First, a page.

“It was really well wrapped,” smiled Rosenberg. “No one said, ‘No one needs linguistics’ or ‘Intellectuals are strange people.’ They just kindly asked, ‘Do you have to go back tomorrow?’ It’s very typical.”
Despite the popularity (or notoriety) of the Berliner Schnauze, Rosenberg believes that its use is declining slightly. This decline reflects a general trend among regional dialects and languages. However, in Berlin it is exacerbated not only by the mix of international cultures in Berlin, but Germans from all over the country moving to the capital.
Tuschy noticed this trend as well, saying she rarely heard Berliner Schnauze. If she hears it, it’s usually a bus driver, a craftsman, or someone who works at the bakery. Like Rosenberg, she believes this is due to the increase in the number of residents outside of Berlin.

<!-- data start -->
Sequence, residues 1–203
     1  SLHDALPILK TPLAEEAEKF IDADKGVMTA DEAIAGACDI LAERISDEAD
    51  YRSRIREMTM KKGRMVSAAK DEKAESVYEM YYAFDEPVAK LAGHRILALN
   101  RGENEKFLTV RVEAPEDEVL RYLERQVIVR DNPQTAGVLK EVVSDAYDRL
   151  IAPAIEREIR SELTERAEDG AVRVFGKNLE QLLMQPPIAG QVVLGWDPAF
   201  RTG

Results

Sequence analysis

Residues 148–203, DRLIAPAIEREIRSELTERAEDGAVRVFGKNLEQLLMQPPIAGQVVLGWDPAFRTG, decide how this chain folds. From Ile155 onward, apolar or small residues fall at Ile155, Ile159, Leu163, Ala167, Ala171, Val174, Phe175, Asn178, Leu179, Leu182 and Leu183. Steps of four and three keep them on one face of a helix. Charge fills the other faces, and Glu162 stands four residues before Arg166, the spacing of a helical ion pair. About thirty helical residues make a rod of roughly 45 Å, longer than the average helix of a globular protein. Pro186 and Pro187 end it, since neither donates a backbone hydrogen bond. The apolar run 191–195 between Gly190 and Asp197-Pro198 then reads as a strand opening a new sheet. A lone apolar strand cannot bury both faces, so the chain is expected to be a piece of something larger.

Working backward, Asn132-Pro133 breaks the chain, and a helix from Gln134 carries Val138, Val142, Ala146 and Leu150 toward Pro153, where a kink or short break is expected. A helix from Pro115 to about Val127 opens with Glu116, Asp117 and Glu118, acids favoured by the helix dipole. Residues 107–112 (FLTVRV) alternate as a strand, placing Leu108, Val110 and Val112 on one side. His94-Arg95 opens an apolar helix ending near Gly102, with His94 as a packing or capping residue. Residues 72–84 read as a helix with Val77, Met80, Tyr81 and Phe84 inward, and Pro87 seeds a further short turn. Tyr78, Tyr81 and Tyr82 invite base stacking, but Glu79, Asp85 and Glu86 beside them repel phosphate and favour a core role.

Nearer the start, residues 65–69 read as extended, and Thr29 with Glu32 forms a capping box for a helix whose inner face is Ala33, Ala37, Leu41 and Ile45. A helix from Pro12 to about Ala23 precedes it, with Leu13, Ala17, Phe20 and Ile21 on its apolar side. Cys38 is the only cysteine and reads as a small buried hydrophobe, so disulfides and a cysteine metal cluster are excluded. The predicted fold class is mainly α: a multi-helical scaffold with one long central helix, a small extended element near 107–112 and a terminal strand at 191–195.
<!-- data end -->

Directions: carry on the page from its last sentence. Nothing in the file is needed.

“It mixes up the language,” he said. “And so, with that, we have a bit of a decline, but it’s not gone.”
What happens is that Berliners use language that will be intelligible to more people. That is to say high German with perhaps a regional accent. Although Berliners born and bred like Morisse say they will slip into it from time to time if they address the dialect.
“I know Berliner Schnauze can come across as extremely rude, but I really appreciate the honesty that comes with it,” she said. “It’s such a big part of Berlin’s character as a city, and I actually find it kind of endearing most of the time.”
It’s possible that feelings like Morisse’s keep the dialect alive. It is, after all, a still young country in the grand scheme of nation states, and Germany is a highly regional country. Plus, there are those who couldn’t remove Berliner Schnauze from their identity, like Rosenberg, who despite moving to Rio de Janeiro, still uses it with his wife.
“You can’t lose it,” he said. “It’s part of your linguistic identity.”
Lost in Translation is a BBC Travel series exploring encounters with languages and how they are reflected in place, people and culture.
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